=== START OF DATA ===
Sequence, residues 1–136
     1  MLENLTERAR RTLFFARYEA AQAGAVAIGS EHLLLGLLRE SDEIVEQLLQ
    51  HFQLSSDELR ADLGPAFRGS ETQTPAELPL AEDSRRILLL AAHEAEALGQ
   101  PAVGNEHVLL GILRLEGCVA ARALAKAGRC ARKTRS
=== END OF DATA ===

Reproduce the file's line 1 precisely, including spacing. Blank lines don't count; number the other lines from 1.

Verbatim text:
Sequence, residues 1–136